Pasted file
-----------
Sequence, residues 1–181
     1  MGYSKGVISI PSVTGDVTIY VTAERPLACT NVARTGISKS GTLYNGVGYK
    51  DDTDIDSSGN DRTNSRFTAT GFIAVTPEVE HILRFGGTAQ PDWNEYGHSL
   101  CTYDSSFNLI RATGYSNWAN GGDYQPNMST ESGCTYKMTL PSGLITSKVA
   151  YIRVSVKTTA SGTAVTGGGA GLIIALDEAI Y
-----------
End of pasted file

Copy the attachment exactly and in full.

Sequence, residues 1–181
     1  MGYSKGVISI PSVTGDVTIY VTAERPLACT NVARTGISKS GTLYNGVGYK
    51  DDTDIDSSGN DRTNSRFTAT GFIAVTPEVE HILRFGGTAQ PDWNEYGHSL
   101  CTYDSSFNLI RATGYSNWAN GGDYQPNMST ESGCTYKMTL PSGLITSKVA
   151  YIRVSVKTTA SGTAVTGGGA GLIIALDEAI Y